Police practices came under intense public scrutiny in 2014, as citizens raised further questions about the use of mass surveillance technologies and deadly force. From Ferguson to New York City, from Alameda County to Tucson, watchdogs have sought records to hold law enforcement agencies accountable for abuses. As one might expect, many of these local and federal police agencies have shunned sunlight, often citing absurd excuses to withhold documents.
For Sunshine Week, EFF began collecting transparency horror stories for The Foilies, our new “awards” to highlight problems citizens face in the Freedom of Information Act and other public-records request processes. So many of the nominations involved secrecy within law enforcement agencies that we decided to compile them together for today’s Round 2 of the Foilies.
EFF has been engaged in a years-long battle over various surveillance technologies, including lawsuits against Los Angeles law enforcement agencies over automatic license plate readers (ALPRs) and against the U.S. Department of Justice over cell-phone tracking devices on planes. We’re glad that we’re not the only ones working to shine light on these issues.
Special Achievement in Battery Draining, Mass Surveillance Category
City of Lansing/Lansing Police Department’s Automatic License Plate Readers
The Lansing Police Department purchased a set of automatic license plate readers, little cameras that cops mount on the trunks of their cars to capture the license plate of any other car nearby. Yet, when a local resident filed a records request for ALPR data, he was told it didn’t exist due to “malfunctioning of the automated LPR technology.”
A few weeks later, the Lansing City Attorney sent a second letter admitting that a few months of ALPR data did exist and that it was all an “internal misunderstanding.” The letter further explained that the police were using ALPR less and less due to myriad problems, including the devices “draining the car batteries” and “hot sheets not downloading automatically.”
Nevertheless, the city refused to hand over the limited data in their possession. In earlier justifications for using ALPR, police had cited case law to claim “that a person traveling on public roads has no expectation of privacy in his movements.” Now, however, the city is claiming that data must be withheld because “disclosure of the information would constitute a clearly unwarranted invasion of an individual’s privacy.”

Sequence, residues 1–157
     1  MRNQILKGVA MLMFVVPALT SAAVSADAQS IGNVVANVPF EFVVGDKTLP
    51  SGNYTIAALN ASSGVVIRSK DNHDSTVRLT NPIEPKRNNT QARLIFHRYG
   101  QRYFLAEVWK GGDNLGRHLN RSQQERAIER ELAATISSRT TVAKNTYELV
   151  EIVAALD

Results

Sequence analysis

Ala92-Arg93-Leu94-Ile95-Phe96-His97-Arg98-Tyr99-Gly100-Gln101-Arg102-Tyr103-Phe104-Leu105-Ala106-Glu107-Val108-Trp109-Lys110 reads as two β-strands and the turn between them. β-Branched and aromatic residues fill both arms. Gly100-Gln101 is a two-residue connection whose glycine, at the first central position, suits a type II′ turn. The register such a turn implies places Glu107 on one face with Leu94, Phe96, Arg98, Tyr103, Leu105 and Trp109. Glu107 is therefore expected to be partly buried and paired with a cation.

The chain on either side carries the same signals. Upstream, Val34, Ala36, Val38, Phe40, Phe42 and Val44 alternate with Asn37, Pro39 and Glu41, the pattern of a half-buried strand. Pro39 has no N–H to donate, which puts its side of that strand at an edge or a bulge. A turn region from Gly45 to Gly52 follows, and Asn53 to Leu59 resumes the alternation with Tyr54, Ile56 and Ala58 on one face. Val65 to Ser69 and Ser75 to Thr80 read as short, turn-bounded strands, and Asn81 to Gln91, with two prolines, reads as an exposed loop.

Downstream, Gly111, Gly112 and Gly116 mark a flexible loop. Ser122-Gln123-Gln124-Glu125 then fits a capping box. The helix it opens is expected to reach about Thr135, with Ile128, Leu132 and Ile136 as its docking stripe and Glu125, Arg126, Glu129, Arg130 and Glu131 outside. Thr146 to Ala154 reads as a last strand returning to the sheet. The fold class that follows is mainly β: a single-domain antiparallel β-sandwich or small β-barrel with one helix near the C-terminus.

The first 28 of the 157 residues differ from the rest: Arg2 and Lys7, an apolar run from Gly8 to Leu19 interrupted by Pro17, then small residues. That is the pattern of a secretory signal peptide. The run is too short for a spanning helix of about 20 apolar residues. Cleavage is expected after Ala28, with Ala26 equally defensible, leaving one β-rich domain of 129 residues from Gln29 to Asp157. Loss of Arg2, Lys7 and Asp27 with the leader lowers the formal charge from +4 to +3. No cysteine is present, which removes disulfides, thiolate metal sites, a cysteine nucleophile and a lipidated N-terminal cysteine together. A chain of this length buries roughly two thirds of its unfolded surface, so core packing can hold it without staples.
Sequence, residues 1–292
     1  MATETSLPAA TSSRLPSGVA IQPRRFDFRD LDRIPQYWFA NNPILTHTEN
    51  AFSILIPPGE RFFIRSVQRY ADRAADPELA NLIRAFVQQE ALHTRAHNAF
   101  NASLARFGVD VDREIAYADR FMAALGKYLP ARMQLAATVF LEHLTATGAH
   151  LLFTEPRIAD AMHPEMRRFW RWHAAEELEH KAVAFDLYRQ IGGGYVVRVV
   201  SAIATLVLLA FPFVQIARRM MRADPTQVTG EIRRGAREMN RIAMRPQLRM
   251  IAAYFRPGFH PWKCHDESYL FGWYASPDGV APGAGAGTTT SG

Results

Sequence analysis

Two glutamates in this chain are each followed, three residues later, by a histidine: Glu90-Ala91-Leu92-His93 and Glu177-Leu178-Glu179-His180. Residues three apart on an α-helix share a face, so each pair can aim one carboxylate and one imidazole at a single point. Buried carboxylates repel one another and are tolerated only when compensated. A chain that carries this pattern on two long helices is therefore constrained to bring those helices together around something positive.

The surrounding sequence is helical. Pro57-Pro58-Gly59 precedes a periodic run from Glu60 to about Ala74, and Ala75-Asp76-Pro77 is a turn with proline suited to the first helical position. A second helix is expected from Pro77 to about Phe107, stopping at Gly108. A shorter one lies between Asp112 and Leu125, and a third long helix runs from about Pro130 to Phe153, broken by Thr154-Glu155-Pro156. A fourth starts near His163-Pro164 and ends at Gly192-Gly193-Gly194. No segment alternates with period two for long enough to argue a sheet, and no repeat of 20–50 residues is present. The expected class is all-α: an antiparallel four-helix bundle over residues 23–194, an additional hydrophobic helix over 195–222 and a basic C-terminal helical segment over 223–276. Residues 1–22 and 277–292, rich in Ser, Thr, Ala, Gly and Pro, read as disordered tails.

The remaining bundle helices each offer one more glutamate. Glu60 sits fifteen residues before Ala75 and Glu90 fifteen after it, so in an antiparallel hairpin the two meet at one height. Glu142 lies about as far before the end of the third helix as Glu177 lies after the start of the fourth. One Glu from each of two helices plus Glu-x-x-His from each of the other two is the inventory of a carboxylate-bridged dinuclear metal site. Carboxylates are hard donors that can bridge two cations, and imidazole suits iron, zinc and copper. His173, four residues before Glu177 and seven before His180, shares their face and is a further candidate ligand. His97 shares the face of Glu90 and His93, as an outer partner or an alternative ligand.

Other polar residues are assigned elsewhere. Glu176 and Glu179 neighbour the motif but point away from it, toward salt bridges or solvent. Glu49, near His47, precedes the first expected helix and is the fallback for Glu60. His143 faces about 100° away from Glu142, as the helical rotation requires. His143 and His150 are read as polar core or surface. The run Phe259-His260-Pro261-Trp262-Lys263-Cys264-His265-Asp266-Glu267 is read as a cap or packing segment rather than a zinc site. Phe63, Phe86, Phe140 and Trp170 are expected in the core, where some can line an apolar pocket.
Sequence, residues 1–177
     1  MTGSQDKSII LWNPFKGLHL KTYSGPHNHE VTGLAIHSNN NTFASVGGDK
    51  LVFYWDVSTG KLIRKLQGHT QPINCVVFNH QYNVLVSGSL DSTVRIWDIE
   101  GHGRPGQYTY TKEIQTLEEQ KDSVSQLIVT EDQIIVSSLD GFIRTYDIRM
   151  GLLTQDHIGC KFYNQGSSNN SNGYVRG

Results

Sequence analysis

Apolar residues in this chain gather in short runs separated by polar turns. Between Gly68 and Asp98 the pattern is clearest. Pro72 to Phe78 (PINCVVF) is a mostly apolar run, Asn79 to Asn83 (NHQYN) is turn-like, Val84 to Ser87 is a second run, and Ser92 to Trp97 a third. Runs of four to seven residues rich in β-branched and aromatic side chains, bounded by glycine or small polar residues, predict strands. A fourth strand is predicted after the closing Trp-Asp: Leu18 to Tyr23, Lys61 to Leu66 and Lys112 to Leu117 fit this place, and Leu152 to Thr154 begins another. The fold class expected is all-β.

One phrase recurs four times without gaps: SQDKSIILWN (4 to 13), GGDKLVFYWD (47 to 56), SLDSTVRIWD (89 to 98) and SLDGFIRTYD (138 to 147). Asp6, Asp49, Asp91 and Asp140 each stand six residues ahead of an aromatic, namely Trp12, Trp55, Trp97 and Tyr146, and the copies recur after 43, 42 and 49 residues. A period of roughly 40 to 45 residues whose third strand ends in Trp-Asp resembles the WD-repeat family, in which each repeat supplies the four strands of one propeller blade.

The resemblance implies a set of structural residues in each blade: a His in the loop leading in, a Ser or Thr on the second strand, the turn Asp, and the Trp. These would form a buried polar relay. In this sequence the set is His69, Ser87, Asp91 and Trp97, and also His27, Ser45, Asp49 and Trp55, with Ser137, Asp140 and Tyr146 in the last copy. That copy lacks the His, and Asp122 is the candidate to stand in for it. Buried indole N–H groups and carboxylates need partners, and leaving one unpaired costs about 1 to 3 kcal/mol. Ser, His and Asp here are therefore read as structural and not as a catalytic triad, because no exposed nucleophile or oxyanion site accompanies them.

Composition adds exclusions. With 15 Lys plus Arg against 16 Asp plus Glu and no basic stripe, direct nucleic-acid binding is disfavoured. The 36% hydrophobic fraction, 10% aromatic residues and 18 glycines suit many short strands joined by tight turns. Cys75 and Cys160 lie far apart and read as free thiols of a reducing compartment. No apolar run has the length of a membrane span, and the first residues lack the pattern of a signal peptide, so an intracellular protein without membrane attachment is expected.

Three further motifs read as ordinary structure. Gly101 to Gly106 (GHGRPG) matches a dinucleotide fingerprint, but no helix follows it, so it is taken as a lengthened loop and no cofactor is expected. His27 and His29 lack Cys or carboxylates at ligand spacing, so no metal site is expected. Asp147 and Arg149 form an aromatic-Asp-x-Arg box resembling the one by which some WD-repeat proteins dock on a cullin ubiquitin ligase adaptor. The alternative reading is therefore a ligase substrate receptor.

Federal and local law enforcement agencies across the United States
We received scores of nominations regarding law enforcement use of “Stingrays,” also known as IMSI catchers, devices that emulate cell towers to track mobile phone users. In San Diego, the city attorney refused to turn over documents related to Stingrays, even ones already available on the city's website. The Tacoma Police Department responded to a request for non-disclosure agreements with that same company with four completely blacked out pages. We received similar stories from Erie County in New York and the city of Charlotte, but perhaps the FBI’s secrecy was the worst.
The FBI told Muckrock it couldn’t locate a log of non-disclosure agreements with police departments regarding Stingrays, only to later find it and claim that document would be withheld in full. In Daniel Rigmaiden’s FOIA battle over Stingrays, the FBI tried all sorts of tricks to withhold the records, including arguing that “the stigma of working with the FBI would cause customers to cancel the companies’ services and file civil actions to prevent further disclosure of subscriber information” and that releasing the information would result in “economic retaliation against the United States.” The FBI has also butted into local public-records cases to keep the information from becoming public. In one affidavit, the FBI even claimed that any official who released Stingray details to a media organization could face 20 years in prison and a $1 million fine.
These cases may just be the tips of a field of icebergs.
Most Dubious Delay in Providing Police Use of Force Records
Corpus Christie Police Department
A Texas woman made a selfie-style video as she was put in a chokehold by a police officer in a Whataburger parking lot. After the YouTube clip went viral, Mike Rekart of Photographyisnotacrime.com put in a public records request for the department “use of force” policy.
Corpus Christie police stalled release of the document, claiming it was “copyrighted” and required special authorization. That delay gave the department enough time to amend the policy so that the version they eventually gave the requester was not the version in place during the controversial chokehold.
Most Outrageous Argument for Withholding Police Use of Force Records
Victoria Police Department
In Victoria, Texas, a police officer was caught on dashcam video throwing a senior citizen to the ground and zapping him with a Taser. When Rekart tried to obtain the policy related to use of force and weapon discharges, the police asked [PDF] the Texas Attorney General to rule that these could be kept secret, because release “could impair an officer’s ability to arrest a suspect by placing individuals at an advantage in confrontations with police.”
Citizens have a right to know what to expect when interacting with police, so they can behave in a way that won’t get them choked, Tased, or shot. Similarly, citizens should know what to expect in terms of surveillance technologies, so they can participate in crafting policing policies and priorities in their communities. Yes, transparency gives the public an advantage, but that’s also an advantage for law enforcement, through trust-building and mutual understanding. Sunshine makes us all safer.
For other posts from The Foilies: